Grgic (2017) carried out a study with the aim of determining the effects of ingesting caffeine on anaerobic power performance on a 30s Wingate test using the techniques of meta-analytic statistical. 16 studies were found to meet the benchmarks with a collective number of 246 participants. Thus, a standardised mean differences (SMD) for mean and peak power outputs were carried out throughout the study. The outcomes of the meta-analysis therefore showed that there was a significant difference between caffeine trials and placebo trails output power (p-value = 0.005). The output of the peak power revealed a significant difference between the caffeine trails and the placebo trails (p = 0.006). The results presented therefore indicate that ingestion of caffeine can enhance both the peak and the mean power output performed on the Wingate test by an additional 3% and 4% respectively. The meta-analysis therefore adds on to the current evident presented that caffeine consumption can improve the anaerobic performance components.

This research involved eight elite athletes between the ages of 20 to 24 with a mean age of 21.5 ± 1.2 years. This included eight males with a mean height of 179.13 ± 6.06cm and a mean weight of 83.88 ± 14.54kg. No prerequisites were required to take part in this study and those with any medical conditions or injuries were excluded from the experiment. 

The dependant variables being controlled during this research were the peak power and mean power outputs produced following a 30 second Wingate test. The independent variable was the use of ‘No-doz’ an oral caffeine supplement and the use of ‘Glucodin’ a glucose tablet, used as a placebo. The independent variables were provided in a conceived fashion, with either 200mg of the caffeine supplement or the placebo being administered to each participant.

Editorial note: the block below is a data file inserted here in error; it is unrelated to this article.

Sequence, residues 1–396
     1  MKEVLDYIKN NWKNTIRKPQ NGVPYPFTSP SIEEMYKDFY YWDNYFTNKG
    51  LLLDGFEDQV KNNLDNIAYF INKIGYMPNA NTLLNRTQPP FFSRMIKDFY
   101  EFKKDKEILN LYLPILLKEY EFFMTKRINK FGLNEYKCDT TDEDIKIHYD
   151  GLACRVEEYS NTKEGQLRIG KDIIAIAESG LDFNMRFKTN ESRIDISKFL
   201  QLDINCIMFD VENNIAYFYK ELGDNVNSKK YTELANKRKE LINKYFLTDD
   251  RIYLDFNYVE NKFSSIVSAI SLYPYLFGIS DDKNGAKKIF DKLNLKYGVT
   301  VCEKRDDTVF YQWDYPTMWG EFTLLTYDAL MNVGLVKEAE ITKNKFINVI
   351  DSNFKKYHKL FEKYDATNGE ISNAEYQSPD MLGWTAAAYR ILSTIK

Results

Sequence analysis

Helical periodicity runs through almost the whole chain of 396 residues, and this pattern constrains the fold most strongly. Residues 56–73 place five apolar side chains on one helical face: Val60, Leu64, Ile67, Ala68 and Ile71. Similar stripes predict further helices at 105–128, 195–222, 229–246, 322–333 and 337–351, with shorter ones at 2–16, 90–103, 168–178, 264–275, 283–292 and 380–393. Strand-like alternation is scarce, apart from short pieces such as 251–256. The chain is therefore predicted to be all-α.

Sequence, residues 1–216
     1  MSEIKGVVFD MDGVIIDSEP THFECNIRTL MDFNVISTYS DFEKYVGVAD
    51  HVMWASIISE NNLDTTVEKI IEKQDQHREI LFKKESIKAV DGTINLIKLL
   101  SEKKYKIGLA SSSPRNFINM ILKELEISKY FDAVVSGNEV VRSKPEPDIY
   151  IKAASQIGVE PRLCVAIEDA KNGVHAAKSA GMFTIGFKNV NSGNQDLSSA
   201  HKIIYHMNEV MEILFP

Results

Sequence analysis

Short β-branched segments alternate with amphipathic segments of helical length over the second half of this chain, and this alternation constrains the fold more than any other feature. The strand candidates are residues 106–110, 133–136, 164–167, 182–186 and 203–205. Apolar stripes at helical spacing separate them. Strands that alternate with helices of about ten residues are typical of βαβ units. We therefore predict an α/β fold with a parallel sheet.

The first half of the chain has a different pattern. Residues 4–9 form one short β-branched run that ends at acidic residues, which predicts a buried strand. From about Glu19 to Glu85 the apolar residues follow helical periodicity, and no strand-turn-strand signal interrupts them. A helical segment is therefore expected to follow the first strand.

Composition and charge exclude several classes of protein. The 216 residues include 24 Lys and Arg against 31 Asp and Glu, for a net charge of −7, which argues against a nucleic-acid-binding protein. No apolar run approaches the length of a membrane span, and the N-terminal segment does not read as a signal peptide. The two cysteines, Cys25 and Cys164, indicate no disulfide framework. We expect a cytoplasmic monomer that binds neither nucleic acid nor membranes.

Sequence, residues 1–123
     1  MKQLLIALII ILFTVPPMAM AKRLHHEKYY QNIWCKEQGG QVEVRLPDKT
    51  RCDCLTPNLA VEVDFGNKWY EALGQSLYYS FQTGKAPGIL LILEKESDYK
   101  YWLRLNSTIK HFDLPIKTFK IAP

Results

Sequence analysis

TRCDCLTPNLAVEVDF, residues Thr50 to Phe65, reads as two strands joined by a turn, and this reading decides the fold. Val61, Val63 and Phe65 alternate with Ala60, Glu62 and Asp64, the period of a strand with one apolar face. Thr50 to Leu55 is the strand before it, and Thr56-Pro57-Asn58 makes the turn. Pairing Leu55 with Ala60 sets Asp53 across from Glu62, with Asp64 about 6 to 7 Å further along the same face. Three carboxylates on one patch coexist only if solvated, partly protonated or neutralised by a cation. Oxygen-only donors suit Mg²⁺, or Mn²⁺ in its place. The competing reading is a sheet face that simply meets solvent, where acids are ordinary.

The experiment involved of a total of 8 participants who performed a maximal Wingate test after the consumption of either a Caffeine Tablet or a Glucose Tablet (which was used in place for a placebo). Once again, clients were first asked to complete an ESSA pre-screening tool and a consent form in order to have knowledge of anything issues that may prevent them from performing the experiment. The pre-screening tool and consent form also reduce the chances of any injuries occurring whilst on the Wingate Cycle. During the first week of testing and once the clients completed the ESSA pre-screening tool and consent form, they were given either a Caffeine Tablet or a Glucose Tablet without them knowing which tablet they are consuming. The participants were then given 1 hour after the consumption of the table that they were given without knowing which it was. At the commencement of the hour, the participants performed the maximal Wingate test on the lode bike for 30 seconds. The data that was taken from the computer application linked to the Wingate bike were Torque (Nm), Time to Peak Power (seconds), Mean Power (Watts), Minimum Power (Watts), Peak Power/Body Mass (Watts/kg), Rate to Fatigue (Watts/seconds), and Mean Power/Body Mass (Watts/kg). Two days later, participants once again came in to perform the same protocol on the Wingate Bike. However, they were given the opposite of what they were given in the previous testing week. The same data from the first week was once again taken after the maximal Wingate Test.